Media tycoon, 2 ex-MPs plead guilty to illegal assembly in Hong Kong
Iran Press TV
Wednesday, 07 April 2021 9:58 AM
A media tycoon and two former lawmakers in Hong Kong have pleaded guilty to charges of participating in an illegal demonstration two years ago.
Media mogul Jimmy Lai, 73, pleaded guilty at the district court on Wednesday to having knowingly taken part in an unauthorized assembly on August 31, 2019.
Former lawmakers Lee Cheuk-yan and Yeung Sum also admitted to having joined an illegal anti-government protest that year.
"I plead guilty," Lee said, but claimed that he had "done no wrong in affirming the rights of people to peaceful procession and I believe history will absolve me."
Sentences in their cases are to be handed down later. The maximum possible punishment is five years in prison.
Lai, who was arrested in August last year, had already been charged with illegal assembly and intimidation but was free on police bail.
The media tycoon, also a British citizen, has been a frequent visitor to Washington, meeting figures such as former secretary of state and ex-CIA chief Mike Pompeo.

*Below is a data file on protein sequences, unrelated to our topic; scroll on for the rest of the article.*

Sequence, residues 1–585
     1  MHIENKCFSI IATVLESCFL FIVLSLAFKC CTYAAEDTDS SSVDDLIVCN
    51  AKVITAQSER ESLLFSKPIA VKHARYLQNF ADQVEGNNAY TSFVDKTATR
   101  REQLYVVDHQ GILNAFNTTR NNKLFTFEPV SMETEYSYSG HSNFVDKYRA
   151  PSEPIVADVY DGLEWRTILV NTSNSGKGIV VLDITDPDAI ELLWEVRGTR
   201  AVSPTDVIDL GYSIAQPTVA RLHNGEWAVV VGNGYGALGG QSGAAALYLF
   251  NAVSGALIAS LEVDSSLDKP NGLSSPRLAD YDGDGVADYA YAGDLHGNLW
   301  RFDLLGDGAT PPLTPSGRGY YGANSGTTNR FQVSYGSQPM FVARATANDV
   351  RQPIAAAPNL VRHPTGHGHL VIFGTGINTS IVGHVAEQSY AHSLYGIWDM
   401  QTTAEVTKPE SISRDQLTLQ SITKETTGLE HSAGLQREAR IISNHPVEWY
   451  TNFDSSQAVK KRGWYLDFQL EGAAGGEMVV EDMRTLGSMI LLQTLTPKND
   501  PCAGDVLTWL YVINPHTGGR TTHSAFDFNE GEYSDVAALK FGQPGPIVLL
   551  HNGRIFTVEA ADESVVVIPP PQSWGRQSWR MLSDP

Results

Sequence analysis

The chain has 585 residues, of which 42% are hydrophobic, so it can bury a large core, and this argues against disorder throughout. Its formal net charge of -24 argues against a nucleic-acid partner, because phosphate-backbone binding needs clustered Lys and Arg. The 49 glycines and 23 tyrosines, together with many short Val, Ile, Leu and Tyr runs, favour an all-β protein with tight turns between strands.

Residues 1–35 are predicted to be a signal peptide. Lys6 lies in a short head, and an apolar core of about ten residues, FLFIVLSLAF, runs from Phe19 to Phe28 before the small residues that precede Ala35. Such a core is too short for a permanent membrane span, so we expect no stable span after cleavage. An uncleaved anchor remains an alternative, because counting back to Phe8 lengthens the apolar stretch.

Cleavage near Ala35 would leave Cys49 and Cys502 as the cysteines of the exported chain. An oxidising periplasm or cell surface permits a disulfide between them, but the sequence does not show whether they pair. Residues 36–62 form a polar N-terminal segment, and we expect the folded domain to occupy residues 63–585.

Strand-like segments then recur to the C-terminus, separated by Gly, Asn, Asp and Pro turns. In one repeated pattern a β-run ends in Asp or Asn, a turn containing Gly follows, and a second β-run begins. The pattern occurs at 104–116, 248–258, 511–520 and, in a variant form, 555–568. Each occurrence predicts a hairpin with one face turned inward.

China has accused him of treason.
Hong Kong has been governed under the "one country, two systems" model since the city, a former British colony, was returned to China in 1997.
The city was rocked by riots over a bill that would have reformed its extradition law in 2019. Violent individuals vandalized the city, destroying public and private property and attacking anyone deemed to be pro-government. Hong Kong dropped that bill, but the acts of violence continued.
Last year, the city enacted a new national security law, criminalizing sedition, secession, and subversion against the mainland.
Some opposition lawmakers openly called for Western intervention to stop the law from being enacted in the city and propagated in favor of secession from mainland China.
The United States and Britain actively supported the protest leaders and attempted to stir anti-China sentiments in the city.
Beijing has slammed the UK and the US for their interference in the affairs of Hong Kong as an internal issue of China.
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